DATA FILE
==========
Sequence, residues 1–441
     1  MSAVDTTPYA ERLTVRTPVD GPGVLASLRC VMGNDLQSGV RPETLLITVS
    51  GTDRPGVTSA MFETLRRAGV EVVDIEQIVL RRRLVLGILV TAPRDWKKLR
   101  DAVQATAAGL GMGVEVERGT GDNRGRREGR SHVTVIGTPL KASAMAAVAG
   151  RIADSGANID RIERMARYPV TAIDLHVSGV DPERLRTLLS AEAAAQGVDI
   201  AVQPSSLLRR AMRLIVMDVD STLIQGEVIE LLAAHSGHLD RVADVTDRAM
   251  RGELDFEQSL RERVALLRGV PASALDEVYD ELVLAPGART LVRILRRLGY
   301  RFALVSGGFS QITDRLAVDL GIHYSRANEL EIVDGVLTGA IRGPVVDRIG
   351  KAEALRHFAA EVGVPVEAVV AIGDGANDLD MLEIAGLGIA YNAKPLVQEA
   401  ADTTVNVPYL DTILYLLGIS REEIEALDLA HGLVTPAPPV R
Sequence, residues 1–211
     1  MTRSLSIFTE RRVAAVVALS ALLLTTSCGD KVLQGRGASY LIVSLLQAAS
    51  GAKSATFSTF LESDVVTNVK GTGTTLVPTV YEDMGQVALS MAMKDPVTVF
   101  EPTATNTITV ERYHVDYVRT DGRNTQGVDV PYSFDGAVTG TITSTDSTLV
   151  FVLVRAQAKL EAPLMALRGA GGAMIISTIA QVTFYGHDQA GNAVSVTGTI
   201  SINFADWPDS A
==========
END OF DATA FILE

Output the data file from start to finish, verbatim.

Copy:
Sequence, residues 1–441
     1  MSAVDTTPYA ERLTVRTPVD GPGVLASLRC VMGNDLQSGV RPETLLITVS
    51  GTDRPGVTSA MFETLRRAGV EVVDIEQIVL RRRLVLGILV TAPRDWKKLR
   101  DAVQATAAGL GMGVEVERGT GDNRGRREGR SHVTVIGTPL KASAMAAVAG
   151  RIADSGANID RIERMARYPV TAIDLHVSGV DPERLRTLLS AEAAAQGVDI
   201  AVQPSSLLRR AMRLIVMDVD STLIQGEVIE LLAAHSGHLD RVADVTDRAM
   251  RGELDFEQSL RERVALLRGV PASALDEVYD ELVLAPGART LVRILRRLGY
   301  RFALVSGGFS QITDRLAVDL GIHYSRANEL EIVDGVLTGA IRGPVVDRIG
   351  KAEALRHFAA EVGVPVEAVV AIGDGANDLD MLEIAGLGIA YNAKPLVQEA
   401  ADTTVNVPYL DTILYLLGIS REEIEALDLA HGLVTPAPPV R
Sequence, residues 1–211
     1  MTRSLSIFTE RRVAAVVALS ALLLTTSCGD KVLQGRGASY LIVSLLQAAS
    51  GAKSATFSTF LESDVVTNVK GTGTTLVPTV YEDMGQVALS MAMKDPVTVF
   101  EPTATNTITV ERYHVDYVRT DGRNTQGVDV PYSFDGAVTG TITSTDSTLV
   151  FVLVRAQAKL EAPLMALRGA GGAMIISTIA QVTFYGHDQA GNAVSVTGTI
   201  SINFADWPDS A